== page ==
Who is at fault for the current pension transfer problems?
A recent research on pension transfers by the Financial Conduct Authority (FCA) has created an agitation on whether the blame for the present transfer problems in the pension board is solely because of the recurrent problems of the FCA itself or the advisers.
The FCA released its take on the matter in the early days of December, which was titled “Key findings of our recent work on pension transfer.” In the press release, they made known their disappointment in the findings which revealed that less than fifty percent of the advice they reviewed were suitable. Although they added that those results were based on their targeted work and not a representation of the entire market surveyed.
Also, the review covered the processes of 18 firms and looked into the advice those firms gave on 154 transfers. It was revealed that there were lower than half advice that were suitable, 74 (48.1 percent), 45 (29.2 percent) were unsuitable and 35 (22.7 percent) were unclear.
The regulator compared these results with results of previous works and found out that 49 percent of the advice was suitable, 33 percent unsuitable and 18 percent unclear.
Other factors that can contribute to the present transfer problems in the pension board include:
• A change in data set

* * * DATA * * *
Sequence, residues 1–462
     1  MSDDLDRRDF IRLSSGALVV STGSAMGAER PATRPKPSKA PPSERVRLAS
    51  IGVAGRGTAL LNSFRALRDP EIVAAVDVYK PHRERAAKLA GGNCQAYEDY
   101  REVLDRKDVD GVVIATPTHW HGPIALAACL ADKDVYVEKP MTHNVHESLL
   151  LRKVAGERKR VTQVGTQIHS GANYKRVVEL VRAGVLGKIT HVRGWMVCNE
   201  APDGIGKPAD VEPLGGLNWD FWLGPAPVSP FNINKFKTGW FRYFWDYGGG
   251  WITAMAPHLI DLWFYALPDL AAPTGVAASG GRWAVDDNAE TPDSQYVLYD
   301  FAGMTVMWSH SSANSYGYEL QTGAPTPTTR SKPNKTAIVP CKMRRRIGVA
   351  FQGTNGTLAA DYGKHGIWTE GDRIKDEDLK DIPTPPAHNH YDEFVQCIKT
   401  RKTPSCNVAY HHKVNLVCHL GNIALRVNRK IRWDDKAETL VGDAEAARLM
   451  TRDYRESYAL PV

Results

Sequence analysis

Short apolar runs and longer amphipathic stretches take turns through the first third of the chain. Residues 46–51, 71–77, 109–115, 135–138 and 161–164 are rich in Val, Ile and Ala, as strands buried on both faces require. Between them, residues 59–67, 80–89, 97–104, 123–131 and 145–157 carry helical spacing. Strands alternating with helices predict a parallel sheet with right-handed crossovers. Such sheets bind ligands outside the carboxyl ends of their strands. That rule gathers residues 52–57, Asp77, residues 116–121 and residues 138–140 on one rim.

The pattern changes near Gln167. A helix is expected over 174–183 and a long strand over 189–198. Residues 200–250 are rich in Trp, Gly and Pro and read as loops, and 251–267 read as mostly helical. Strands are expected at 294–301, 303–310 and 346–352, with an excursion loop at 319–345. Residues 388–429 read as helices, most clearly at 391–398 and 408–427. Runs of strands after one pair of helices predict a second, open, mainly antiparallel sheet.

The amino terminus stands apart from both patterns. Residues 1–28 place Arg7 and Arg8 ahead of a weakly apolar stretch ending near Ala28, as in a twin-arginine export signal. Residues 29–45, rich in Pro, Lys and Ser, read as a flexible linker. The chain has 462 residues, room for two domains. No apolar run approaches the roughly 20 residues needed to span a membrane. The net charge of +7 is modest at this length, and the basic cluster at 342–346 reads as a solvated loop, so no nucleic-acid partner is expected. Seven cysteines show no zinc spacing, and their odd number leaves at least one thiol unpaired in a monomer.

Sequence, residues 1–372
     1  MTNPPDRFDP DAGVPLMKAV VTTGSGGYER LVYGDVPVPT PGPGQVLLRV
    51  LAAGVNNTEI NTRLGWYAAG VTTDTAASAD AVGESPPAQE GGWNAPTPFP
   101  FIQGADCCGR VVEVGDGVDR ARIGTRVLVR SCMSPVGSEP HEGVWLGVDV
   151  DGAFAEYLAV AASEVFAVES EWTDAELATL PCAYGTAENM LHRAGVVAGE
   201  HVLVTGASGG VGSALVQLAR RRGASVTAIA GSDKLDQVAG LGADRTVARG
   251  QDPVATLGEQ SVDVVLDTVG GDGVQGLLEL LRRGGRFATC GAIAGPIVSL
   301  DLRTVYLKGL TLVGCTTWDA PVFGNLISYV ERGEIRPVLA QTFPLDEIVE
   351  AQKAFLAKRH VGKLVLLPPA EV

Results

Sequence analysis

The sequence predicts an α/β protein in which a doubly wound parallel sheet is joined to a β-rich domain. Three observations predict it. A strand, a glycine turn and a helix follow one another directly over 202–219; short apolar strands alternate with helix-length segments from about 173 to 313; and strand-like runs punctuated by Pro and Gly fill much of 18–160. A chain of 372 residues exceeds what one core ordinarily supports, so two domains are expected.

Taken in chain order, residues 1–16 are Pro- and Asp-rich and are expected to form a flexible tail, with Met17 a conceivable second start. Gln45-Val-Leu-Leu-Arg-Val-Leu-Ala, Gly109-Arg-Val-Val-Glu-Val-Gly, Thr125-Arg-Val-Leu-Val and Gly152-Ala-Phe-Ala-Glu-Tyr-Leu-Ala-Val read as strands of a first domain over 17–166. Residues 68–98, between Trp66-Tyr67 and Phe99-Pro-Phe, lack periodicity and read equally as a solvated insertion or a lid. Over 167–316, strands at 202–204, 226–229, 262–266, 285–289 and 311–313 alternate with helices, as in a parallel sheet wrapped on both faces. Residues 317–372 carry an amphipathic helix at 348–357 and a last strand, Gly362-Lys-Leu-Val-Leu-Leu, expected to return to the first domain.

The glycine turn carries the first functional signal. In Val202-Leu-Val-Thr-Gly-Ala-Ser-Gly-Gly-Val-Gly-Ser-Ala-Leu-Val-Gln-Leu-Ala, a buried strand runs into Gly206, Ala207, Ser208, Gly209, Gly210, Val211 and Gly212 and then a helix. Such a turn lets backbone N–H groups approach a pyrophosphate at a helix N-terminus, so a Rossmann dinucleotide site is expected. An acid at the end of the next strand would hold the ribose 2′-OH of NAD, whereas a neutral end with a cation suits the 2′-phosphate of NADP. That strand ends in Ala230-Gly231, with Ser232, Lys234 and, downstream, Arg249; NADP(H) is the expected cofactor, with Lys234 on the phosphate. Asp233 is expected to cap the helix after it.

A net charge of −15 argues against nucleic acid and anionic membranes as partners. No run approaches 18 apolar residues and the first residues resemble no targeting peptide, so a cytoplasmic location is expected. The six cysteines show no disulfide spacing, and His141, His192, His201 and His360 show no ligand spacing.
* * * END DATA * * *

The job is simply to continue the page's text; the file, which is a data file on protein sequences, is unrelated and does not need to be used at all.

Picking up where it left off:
It has been argued by advisers that although the numbers are inconsistent, there has been a significant improvement in the figures if the worst offenders are stripped out.
The statistics used has also been scrutinized by professionals such as the Personal Finance Society (PFS), who have voiced out their concerns regarding the report. They pointed out that the report contained a sample review that is insufficient.
Providers have also showed concern regarding the same issue. The director of Aegon Pensions, Steven Cameron said that even though the headline statistics in the latest publication by FCA doesn’t appeal to the eyes, they are skewed by some other firms that have different permissions.
• Advisers failing to deliver in their field
Rory Percival, who is the past regulator and now the leading compliance consultant, wrote in his site that the blame should solely be on the advisers. He added that the notice sounds threatening and even frustrating to the listener, because of the various problems it has found.
He also said that people expect the FCA to act in a certain way, or act quicker, but it is not entirely their fault. It can also be the fault of the advice sector, because it is their area of expertise since they are designed to offer suitable advice. But they have failed at doing so, often been inconsistent.
• The regulators are less proactive
Not all regulators see the problem to be only because of advisers. Some of them agree that firms specialised in making transfers don’t do so with enough zeal, which can lead to mis-sold pension compensation claims.